THERE IS a global consensus that any agreement with Iran on ensuring its nuclear program is for civilian purposes only will have to involve inspections to verify its disarmament. But as a former weapons inspector, I have very bad news for you: a weapons-inspection regime in Iran will not work. Inspections themselves are most effective when both the state being inspected and the inspecting countries are fully on board-and even then there are limits. An inspection regime can never ensure full disarmament. We can only hope it would detect major violations.
Tehran has shielded its nuclear program from outside examination, and, moreover, the Iranian government has made clear that it will not fully divulge-even when caught-all of the details of its nuclear activities and their support networks, both domestic and foreign. Iran has refused repeated IAEA requests for interviews with the scientists and engineers responsible for large areas of its secret atomic work, and it has refused to disclose the details of its involvement with North Korea and with Pakistan's A. Q. Khan nuclear smuggling network. To date, the unmasking of Tehran's activities owes far more to the tip-offs provided by an Iranian dissident group, the Mujahedin-e Khalq, which in 2002 told the world about Iran's nuclear facility at Natanz, than to the regime itself.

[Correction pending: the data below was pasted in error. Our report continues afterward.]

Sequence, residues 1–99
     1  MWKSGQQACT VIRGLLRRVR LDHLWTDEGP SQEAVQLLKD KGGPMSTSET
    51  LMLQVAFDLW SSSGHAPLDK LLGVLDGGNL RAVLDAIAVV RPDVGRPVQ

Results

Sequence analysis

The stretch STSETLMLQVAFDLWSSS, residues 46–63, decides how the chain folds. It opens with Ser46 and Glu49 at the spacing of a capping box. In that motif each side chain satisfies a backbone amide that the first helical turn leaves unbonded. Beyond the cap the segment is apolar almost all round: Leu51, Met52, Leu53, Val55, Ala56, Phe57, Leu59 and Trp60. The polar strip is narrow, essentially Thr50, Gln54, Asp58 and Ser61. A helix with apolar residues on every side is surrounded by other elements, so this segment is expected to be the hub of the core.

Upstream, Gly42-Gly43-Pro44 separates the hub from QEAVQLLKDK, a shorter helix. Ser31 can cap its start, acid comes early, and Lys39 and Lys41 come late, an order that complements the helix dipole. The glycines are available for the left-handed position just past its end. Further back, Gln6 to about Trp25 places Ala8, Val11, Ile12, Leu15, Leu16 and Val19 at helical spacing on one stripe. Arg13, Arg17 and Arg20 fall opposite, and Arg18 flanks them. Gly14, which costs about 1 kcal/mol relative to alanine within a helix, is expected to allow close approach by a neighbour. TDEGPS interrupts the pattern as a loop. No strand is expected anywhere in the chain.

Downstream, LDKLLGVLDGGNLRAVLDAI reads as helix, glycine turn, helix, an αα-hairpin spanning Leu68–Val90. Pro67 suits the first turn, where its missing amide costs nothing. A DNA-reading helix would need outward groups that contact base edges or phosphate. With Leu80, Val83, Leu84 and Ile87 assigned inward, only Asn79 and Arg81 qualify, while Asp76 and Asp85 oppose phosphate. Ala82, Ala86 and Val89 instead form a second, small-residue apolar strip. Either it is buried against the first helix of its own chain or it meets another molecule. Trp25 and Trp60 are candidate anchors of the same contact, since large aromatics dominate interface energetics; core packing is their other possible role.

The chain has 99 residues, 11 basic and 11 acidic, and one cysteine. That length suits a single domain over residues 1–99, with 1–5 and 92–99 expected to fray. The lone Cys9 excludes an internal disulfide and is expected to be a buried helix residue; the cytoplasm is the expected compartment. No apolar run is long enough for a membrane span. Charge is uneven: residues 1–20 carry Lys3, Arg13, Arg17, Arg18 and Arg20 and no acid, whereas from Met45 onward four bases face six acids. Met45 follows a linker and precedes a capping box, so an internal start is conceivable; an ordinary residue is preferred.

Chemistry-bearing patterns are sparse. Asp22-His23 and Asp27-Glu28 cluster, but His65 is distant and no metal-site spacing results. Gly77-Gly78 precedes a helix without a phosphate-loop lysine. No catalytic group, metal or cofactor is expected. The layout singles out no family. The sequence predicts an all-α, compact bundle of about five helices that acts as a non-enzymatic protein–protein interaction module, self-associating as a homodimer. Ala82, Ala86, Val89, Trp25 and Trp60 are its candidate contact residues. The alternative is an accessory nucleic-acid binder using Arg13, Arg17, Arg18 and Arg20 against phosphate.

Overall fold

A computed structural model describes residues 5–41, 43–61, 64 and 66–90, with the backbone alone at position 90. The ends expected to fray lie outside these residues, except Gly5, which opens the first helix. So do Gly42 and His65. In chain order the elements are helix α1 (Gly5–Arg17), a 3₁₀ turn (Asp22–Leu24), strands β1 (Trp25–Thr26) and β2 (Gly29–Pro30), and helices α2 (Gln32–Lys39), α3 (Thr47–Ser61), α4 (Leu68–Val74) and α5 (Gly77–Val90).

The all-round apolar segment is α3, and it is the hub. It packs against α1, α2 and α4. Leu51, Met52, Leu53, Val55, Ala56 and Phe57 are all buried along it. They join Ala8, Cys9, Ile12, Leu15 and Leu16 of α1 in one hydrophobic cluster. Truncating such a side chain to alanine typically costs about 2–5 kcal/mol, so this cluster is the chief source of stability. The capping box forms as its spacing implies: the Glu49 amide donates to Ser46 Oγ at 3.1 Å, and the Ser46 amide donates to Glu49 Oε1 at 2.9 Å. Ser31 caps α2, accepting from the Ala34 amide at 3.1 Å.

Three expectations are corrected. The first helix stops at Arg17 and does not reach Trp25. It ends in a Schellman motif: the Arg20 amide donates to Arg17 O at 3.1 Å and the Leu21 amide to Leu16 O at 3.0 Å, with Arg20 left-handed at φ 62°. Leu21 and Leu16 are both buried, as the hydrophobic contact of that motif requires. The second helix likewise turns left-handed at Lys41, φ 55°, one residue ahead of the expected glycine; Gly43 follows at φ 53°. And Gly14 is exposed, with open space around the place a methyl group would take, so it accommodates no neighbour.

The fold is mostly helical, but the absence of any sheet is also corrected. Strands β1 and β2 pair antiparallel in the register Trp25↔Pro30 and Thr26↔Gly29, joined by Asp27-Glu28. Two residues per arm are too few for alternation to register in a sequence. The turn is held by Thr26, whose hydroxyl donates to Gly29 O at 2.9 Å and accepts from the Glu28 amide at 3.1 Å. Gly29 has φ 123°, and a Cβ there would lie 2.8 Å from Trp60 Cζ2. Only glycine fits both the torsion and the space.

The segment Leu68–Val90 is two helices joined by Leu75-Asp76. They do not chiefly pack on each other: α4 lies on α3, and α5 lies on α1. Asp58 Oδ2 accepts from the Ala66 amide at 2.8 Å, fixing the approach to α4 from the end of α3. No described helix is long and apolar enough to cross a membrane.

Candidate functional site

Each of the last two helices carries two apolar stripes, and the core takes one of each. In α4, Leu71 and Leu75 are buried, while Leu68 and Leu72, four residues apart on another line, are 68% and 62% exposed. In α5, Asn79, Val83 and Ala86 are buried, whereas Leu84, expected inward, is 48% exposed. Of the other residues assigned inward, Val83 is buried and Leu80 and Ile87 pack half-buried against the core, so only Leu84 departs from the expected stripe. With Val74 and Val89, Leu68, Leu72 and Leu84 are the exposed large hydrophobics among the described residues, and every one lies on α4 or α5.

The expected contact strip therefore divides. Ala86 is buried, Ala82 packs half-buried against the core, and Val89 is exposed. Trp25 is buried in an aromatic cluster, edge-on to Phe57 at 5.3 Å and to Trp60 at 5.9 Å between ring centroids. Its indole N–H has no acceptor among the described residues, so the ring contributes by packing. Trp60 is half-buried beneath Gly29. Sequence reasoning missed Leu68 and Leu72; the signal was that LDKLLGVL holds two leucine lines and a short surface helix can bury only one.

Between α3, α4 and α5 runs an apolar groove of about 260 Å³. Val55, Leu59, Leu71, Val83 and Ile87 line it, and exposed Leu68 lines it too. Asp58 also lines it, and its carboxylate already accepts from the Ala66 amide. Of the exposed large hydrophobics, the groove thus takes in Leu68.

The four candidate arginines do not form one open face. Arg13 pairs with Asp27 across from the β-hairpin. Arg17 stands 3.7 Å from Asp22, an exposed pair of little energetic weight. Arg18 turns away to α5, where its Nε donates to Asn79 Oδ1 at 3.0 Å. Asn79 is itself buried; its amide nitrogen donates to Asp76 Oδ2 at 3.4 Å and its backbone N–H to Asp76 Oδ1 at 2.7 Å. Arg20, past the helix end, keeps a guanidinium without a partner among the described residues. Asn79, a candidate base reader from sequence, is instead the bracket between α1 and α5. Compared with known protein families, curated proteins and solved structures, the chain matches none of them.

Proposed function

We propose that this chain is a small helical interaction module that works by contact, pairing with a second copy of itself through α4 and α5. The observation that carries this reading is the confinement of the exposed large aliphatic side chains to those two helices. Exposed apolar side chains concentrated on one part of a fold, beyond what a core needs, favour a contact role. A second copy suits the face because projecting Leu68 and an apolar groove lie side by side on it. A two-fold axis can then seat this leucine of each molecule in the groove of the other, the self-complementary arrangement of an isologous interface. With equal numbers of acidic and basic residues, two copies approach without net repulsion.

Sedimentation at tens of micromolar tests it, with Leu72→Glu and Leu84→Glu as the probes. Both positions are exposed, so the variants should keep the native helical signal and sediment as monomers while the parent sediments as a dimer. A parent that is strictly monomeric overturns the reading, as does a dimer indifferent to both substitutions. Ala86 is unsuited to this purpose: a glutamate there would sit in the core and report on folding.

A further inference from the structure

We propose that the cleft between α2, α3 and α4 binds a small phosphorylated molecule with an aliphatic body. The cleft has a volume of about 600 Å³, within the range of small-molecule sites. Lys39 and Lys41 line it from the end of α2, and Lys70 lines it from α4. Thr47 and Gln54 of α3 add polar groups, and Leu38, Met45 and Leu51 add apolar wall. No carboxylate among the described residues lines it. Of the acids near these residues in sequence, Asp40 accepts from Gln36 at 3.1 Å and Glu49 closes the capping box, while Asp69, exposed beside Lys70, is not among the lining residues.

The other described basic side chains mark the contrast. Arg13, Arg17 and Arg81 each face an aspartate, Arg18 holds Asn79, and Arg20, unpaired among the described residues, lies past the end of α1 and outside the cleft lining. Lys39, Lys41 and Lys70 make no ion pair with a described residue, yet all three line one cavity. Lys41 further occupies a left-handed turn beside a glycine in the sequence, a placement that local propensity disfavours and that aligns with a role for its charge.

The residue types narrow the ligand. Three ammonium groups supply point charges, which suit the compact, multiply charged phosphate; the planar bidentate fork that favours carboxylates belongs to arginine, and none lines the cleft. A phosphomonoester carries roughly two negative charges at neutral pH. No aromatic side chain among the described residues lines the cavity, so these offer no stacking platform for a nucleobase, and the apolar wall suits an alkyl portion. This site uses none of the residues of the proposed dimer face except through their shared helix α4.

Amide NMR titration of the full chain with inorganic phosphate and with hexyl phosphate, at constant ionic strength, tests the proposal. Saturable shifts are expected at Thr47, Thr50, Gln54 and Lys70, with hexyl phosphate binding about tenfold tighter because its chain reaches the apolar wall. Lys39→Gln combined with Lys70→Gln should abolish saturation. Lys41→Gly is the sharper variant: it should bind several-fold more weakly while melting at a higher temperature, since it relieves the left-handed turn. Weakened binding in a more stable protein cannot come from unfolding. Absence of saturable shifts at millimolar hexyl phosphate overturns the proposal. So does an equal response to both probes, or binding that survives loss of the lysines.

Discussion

The result is that Iran now has a broad capability in all aspects of the nuclear-weapons process: from converting natural uranium into enriched uranium using gas centrifuges; to designing and testing the components of a nuclear weapon; to working on the construction of a missile-deliverable warhead; to building and testing missiles capable of delivering that nuclear warhead over significant distances.